The three pieces of this evening try to displace these lines so that the sense of being stuck gives way to the possibility of moving. For this purpose, in each piece a factor needed for habits to function is removed to produce three situations in which the habitual relationship and exchanges of this gathering (spectators and actors) are no longer self-evident and must therefore be re-negotiated. Each of the pieces hinges on the loss, disappearance, or death of an essential protagonist. The words and actions are motivated by the need to reconstruct with the remaining elements rather than to set out and find or replace what?s missing. The actors and the public are then engaged in mourning and conversations whose transformations try to turn melancholy, loss, or death into driving forces. These movements yield fictions where amnesiacs mix with corpses to produce strange and unsettling situations.?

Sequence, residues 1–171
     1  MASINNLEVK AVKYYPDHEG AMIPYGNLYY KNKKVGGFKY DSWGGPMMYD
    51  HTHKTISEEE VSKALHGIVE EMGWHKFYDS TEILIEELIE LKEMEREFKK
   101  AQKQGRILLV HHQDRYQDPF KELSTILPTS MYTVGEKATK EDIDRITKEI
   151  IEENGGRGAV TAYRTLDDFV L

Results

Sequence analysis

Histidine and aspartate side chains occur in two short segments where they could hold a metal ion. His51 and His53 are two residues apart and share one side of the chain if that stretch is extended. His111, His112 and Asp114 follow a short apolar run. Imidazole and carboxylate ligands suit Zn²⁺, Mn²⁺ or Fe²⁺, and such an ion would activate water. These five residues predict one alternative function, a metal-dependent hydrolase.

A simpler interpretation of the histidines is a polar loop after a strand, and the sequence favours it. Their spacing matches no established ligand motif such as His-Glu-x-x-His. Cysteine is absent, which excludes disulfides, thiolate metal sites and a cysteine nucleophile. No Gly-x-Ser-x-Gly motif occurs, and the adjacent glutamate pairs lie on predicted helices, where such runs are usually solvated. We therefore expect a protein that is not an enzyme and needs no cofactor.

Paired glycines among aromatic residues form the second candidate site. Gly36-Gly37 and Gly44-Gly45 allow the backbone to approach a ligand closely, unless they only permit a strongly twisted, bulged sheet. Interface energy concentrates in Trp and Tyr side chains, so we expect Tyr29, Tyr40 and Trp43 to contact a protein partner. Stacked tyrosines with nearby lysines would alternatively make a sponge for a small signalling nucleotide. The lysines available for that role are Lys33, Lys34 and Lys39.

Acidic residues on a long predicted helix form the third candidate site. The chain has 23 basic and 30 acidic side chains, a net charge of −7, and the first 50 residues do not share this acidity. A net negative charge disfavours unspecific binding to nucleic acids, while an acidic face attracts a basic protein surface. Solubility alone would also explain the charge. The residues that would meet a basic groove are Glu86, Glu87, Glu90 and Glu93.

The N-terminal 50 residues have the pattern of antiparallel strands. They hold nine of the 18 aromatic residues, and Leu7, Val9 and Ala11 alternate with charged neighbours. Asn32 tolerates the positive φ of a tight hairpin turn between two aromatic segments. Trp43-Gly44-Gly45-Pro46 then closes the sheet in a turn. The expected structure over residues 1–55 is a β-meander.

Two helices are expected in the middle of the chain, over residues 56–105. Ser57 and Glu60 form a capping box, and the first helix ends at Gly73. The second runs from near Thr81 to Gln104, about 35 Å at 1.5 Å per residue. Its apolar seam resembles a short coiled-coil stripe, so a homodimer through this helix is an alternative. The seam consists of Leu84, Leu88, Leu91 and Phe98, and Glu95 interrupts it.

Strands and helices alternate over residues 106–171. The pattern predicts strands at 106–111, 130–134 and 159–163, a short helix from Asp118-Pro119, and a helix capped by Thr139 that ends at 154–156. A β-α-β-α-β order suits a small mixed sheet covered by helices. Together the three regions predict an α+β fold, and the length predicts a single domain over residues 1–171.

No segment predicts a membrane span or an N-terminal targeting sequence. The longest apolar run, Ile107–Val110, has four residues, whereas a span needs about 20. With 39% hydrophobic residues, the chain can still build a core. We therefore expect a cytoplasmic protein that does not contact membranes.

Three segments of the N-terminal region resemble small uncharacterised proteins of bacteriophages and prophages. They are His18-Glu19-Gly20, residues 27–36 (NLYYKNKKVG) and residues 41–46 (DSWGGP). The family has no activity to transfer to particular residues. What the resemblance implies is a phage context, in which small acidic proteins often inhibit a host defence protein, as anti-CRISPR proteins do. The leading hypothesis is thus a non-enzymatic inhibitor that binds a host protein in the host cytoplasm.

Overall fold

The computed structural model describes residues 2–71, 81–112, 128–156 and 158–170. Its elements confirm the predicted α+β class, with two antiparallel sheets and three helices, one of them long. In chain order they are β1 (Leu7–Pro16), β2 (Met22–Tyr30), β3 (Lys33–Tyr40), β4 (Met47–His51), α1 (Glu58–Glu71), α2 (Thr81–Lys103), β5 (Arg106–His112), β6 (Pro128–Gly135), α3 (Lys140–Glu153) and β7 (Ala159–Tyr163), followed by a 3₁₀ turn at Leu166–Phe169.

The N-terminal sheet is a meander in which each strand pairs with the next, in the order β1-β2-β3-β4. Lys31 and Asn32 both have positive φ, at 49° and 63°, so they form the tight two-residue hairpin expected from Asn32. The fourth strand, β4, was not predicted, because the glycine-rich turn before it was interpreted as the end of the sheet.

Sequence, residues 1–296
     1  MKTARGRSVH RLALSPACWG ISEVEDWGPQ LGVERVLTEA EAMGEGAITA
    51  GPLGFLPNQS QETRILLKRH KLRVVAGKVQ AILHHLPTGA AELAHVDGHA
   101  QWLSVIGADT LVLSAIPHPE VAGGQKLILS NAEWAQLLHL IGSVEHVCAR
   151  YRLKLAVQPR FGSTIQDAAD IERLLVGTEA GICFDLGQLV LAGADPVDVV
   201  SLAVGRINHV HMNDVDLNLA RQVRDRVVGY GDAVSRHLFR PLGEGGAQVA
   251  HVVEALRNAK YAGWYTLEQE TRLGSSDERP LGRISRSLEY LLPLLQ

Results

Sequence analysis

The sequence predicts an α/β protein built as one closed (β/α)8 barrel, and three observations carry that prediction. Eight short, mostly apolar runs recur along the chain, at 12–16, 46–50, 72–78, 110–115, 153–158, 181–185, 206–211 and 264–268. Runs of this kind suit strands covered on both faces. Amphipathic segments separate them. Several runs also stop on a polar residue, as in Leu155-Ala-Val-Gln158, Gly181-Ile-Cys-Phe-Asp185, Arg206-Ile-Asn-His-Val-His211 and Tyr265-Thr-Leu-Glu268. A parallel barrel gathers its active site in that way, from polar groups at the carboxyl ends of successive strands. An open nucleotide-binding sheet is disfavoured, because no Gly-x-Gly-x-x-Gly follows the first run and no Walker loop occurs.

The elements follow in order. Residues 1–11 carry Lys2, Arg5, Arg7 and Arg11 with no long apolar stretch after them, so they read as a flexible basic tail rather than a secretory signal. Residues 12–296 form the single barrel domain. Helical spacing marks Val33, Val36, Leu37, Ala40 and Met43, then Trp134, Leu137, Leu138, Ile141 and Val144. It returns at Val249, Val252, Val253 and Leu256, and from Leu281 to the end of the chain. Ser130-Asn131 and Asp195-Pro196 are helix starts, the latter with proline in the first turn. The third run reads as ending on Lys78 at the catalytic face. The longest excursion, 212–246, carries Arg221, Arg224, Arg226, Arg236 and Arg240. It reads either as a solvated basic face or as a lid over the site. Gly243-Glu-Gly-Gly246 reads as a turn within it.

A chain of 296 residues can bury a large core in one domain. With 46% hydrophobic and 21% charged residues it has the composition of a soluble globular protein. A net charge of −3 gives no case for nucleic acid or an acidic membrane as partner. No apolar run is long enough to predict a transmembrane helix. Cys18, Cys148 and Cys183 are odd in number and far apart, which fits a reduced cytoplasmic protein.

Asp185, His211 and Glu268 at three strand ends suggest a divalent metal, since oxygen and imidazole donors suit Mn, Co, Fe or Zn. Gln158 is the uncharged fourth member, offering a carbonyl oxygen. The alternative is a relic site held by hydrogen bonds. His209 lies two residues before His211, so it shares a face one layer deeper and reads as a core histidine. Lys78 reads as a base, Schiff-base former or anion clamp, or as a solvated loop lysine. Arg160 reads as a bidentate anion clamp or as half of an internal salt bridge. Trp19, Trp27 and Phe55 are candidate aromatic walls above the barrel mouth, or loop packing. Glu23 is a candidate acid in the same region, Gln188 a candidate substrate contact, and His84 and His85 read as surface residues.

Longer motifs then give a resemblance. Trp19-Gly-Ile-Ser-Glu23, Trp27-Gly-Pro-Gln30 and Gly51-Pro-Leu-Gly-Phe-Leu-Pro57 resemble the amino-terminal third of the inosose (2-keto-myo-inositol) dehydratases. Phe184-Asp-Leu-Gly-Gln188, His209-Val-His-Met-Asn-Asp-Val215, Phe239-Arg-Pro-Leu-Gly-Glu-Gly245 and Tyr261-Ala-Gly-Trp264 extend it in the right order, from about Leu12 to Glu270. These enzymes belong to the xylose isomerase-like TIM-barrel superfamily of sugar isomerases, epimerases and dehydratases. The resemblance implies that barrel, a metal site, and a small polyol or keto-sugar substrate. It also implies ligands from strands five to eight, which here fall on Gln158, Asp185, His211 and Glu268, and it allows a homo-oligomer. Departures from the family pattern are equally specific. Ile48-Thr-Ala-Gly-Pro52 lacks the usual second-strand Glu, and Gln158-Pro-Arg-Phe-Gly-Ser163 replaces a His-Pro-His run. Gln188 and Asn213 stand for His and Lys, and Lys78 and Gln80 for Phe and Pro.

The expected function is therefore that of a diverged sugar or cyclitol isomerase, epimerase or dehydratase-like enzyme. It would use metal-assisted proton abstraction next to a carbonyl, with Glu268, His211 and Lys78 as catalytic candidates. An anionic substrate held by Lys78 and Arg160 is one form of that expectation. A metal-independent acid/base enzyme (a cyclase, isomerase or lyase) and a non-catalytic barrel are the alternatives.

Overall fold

More on the Decency clause thematic block
It has been twenty years since the infamous ?NEA Four? controversy. In 1991, the National Endowment for the Arts (NEA), an agency of the American government established in 1965 to support arts and culture, rejected to pay four previously awarded grants to a group of artists on account of the supposedly indecent content of their work. In this case, ?indecency? included feminist and queer works of art, which strayed from heteronormativity. Holly Hughes, Karen Finley, John Fleck, and Tim Miller did not receive NEA funding for their pre-approved projects. Additionally, conservatives argued for the introduction of a ?decency clause? to the NEA regulations to rid the competition of projects they frowned upon. The artists? appeal went all the way to the Supreme Court which overturned the decision. Still, the case had far-reaching consequences for American arts: since 1991, under duress from the Congress, the NEA has not been granting funding to individual artists.